Clippers owner Donald Sterling "engaged in conduct that has damaged and continues to damage the NBA" when he disparaged black people in a recorded conversation that led the league's commissioner to call for his removal, according to a charge issued Monday by the league.
The charge seeking to terminate the NBA's longest tenured owner is the first of several steps in the process by which Sterling could be removed. If the NBA's other 29 owners sustain the charge by a three-fourths vote, the 80-year-old would be stripped of team ownership.
The NBA issued a statement Monday: "Among other things, Mr. Sterling disparaged African-Americans and 'minorities;' directed a female acquaintance not to associate publicly with African-Americans or to bring African-Americans to Clippers games; and criticized African-Americans for not supporting their communities.
"Mr. Sterling’s actions and positions significantly undermine the NBA’s efforts to promote diversity and inclusion; damage the NBA’s relationship with its fans; harm NBA owners, players and Clippers team personnel; and impair the NBA’s relationship with marketing and merchandising partners, as well as with government and community leaders. Mr. Sterling engaged in other misconduct as well, including issuing a false and misleading press statement about this matter."
The removal process, including the charge against Sterling, is guided by the NBA Constitution and bylaws.
The charge stems from racist comments made by Sterling during a recorded conversation with a companion, whom he chastises for posting Instagram pictures of herself posing with black people, including Lakers legend Magic Johnson. He also can be heard telling the woman not to bring Johnson to Clippers games.
The recording was posted on TMZ.com late last month, prompting an NBA investigation that determined Sterling made the comments.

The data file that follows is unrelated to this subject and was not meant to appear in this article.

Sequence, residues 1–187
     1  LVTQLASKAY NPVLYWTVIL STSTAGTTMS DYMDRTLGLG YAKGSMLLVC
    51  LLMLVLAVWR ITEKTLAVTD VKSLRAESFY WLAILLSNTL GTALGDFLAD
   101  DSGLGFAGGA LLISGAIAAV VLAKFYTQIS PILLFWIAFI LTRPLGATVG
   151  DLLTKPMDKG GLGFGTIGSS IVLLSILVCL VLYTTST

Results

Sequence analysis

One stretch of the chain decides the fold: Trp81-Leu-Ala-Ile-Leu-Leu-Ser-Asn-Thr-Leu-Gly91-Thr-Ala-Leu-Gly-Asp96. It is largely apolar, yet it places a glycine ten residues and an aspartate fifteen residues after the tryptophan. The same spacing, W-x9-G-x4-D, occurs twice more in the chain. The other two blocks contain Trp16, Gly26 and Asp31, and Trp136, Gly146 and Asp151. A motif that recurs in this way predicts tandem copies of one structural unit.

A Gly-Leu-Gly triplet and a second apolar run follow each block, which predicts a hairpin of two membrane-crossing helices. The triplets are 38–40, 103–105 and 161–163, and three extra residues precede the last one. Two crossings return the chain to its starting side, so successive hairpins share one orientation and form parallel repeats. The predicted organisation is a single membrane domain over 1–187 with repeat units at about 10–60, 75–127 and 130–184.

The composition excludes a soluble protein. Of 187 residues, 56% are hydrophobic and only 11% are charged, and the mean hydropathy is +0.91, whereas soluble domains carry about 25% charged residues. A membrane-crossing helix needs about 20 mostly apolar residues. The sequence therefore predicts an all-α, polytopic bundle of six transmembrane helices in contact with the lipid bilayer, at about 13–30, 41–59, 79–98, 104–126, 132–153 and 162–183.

"All of these acts provide grounds for termination under several provisions of the NBA Constitution and related agreements," according to the league statement issued Monday.
Sterling is afforded the opportunity to respond to the charge by May 27. Failure of an owner to respond to the charge is "deemed an admission... of the total validity of the charges as presented," according to the NBA constitution.
Sterling can present his case at a special meeting of the league's Board of Governors, scheduled for June 3. If the Board of Governors votes to remove Sterling, ownership would then be transferred to the league.
Once existing debts are paid, the team would then likely be sold.
The charge marks the first significant move in the termination process since NBA Commissioner Adam Silver announced Sterling's lifetime ban on April 29. Clippers President Andy Roeser took a leave of absence about a week after the announcement, and the NBA appointed an interim CEO to supervise the team.
Sterling made his first public statements about the recorded conversation and backlash May 11 when he told CNN the remarks were a "terrible mistake." In the CNN interview, Sterling also criticized Johnson for not doing more to help to help black communities.
He has already refused to pay a $2.5 million fine handed down when the ban was announced. A letter from his attorneys to the NBA indicated Sterling, who has owned the Clippers since 1981, will sue if not afforded due process, according to reports.